What Was the Schipperke Bred To Do

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This foxy-faced breed dates back to the 1600s, but its popularity didn’t emerge until the late 1800s in the households of Belgium. They made their first appearance in a dog show in 1880, and from that point on the Schipperke was exported throughout the world.

Bred in Flanders, the Dutch-speaking northern portion of Belgium, the Schipperke descended from the black sheepdog known as the Leauvenaar. The Belgian Sheepdog is also a descendant of this now extinct dog breed. While the sheepdog was gradually bred to be larger, the Schipperke was bred down in size to eventually become a different breed entirely. At the time, it was a popular choice among peasants who were restricted in the size of dogs they could keep.
 

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Photo courtesy of Dawn Bannister, AKC Breeder of Merit


In Flemish, the word “schip” means boat, which is where this breed received their name. Because Schipperkes were ratters on the canal barges (a very important function) and often the captain’s dog, they earned the nickname, “Little Captain” and “Little Skipper.” As a result of their history, the breed does very well on boats. They make a great guard dog when the boat anchors for the night, alerting you of anything out of the ordinary. In spite of their size, they possess a healthy bark, which can be a bit surprising and unexpected to a stranger.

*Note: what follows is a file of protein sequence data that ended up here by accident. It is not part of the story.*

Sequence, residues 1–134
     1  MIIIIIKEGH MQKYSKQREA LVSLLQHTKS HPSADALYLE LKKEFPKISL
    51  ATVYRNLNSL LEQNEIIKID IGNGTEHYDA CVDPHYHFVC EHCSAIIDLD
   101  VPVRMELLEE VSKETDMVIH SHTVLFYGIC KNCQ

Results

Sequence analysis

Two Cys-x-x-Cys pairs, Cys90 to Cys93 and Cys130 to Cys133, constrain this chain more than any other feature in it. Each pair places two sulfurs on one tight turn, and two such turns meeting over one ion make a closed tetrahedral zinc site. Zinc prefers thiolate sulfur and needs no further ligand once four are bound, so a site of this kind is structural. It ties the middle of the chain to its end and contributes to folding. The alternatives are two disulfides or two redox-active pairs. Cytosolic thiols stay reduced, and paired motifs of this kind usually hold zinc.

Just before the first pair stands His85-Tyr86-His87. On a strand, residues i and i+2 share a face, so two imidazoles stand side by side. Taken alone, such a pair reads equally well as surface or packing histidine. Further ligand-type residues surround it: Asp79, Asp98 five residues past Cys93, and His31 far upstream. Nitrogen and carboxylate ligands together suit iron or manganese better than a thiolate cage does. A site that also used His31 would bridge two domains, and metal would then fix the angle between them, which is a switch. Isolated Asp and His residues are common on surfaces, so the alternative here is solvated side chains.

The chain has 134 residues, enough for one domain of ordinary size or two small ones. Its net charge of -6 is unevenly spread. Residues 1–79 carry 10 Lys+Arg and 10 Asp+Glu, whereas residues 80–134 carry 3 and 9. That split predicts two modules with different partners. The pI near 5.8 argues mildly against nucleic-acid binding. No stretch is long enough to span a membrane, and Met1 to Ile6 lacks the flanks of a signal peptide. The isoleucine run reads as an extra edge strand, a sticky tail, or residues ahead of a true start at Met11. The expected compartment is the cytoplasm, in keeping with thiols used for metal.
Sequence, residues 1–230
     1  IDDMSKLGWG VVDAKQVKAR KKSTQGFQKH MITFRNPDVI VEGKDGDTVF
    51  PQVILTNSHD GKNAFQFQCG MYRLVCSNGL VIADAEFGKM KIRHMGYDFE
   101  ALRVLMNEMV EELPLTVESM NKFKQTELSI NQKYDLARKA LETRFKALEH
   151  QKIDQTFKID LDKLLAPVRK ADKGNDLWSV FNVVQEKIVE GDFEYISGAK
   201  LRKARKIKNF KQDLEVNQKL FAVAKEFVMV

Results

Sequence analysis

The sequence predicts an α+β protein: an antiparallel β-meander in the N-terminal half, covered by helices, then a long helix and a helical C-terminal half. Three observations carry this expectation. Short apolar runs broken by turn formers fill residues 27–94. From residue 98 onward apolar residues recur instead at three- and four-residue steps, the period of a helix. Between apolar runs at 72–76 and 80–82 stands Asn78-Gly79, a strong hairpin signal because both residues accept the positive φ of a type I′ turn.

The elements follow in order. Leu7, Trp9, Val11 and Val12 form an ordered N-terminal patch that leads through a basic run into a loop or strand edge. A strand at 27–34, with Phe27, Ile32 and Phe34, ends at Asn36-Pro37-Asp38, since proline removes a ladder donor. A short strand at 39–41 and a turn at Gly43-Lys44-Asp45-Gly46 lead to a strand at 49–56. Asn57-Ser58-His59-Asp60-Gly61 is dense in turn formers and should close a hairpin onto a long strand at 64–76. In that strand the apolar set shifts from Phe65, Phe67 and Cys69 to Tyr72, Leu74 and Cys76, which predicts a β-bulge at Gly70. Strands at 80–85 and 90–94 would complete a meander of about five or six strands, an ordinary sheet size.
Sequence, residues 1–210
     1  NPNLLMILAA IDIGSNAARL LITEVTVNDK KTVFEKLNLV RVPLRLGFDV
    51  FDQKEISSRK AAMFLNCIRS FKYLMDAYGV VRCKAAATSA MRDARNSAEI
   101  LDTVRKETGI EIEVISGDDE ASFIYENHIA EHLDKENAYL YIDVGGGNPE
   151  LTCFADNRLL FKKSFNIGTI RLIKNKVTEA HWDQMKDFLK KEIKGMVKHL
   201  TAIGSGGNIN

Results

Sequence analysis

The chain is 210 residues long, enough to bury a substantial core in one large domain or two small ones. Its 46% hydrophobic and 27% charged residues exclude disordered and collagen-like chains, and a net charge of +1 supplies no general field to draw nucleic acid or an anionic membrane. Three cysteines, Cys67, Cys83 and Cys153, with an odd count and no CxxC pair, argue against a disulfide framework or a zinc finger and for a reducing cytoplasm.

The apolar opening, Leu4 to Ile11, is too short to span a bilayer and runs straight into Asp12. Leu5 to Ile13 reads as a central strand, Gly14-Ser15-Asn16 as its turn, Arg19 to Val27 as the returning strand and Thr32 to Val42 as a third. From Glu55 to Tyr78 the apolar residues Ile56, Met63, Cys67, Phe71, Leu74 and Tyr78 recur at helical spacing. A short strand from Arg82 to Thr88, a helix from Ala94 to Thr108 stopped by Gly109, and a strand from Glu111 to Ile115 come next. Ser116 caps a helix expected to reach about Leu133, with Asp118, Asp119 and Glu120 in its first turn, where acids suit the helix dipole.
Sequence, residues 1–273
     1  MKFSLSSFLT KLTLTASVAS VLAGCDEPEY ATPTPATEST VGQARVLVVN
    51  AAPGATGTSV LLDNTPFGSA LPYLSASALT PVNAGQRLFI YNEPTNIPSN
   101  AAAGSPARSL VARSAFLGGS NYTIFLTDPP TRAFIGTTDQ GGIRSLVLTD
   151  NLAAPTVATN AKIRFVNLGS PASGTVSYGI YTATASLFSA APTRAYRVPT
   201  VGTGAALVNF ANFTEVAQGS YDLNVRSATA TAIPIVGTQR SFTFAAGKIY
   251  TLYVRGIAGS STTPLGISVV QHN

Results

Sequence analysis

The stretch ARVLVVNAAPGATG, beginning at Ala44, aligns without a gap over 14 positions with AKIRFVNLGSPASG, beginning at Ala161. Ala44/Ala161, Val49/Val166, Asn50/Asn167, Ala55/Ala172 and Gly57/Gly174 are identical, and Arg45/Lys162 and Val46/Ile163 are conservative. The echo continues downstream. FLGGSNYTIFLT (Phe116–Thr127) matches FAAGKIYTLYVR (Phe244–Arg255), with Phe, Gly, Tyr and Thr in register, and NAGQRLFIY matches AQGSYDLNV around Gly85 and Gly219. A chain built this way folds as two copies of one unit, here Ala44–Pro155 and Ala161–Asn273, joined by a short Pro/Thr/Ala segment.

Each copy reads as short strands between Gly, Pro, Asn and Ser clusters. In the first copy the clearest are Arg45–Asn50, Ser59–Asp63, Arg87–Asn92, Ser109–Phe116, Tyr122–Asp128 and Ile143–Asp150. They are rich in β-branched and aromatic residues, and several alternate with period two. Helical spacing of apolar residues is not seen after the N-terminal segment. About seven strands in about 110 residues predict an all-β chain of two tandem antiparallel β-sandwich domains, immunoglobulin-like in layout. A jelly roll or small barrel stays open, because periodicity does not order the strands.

An excellent and faithful watchdog, the Schipperke was used as a guard on barges, as well as by shopkeepers for many years. As a protector of homes, shops, and family, the Schipperke possesses a strong sense of loyalty and responsibility to what is his. They are light sleepers and interested in everything around them; this curiosity is what makes for an intelligent and vigilant watchdog. Possessing some of its herding ability from its sheepdog ancestor, the breed was used for herding livestock, hunting game, or simply guarding their domain. They have a high prey drive for rodents, birds, reptiles, and should be kept away from these animals. Many Schipperkes today still hold that ratter instinct and are fond of chasing after prey. Because of their agile nature, it’s important for owners to ensure the breed is kept in a securely fenced-in yard.
 

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Photo courtesy of Brenda Nilio, AKC Breeder of Merit


This unique breed is often referred to as "a big dog in a small package," and to those who love them they’re affectionately described as ”little black devils” or even the “Tasmanian devil.” While the Schipperke’s role may have changed through time to that of a companion, they still possess that captain instinct to be the leaders of their family as they were the leaders on canal boats.

An active and tireless dog, the Schipperke is part of the Non-Sporting Group, and the American Kennel Club (AKC) recognized the breed in 1904. Since he was bred to work, give a Schipperke a job to do, whether it’s training for agility, obedience, or any other dog sport, and he will excel.

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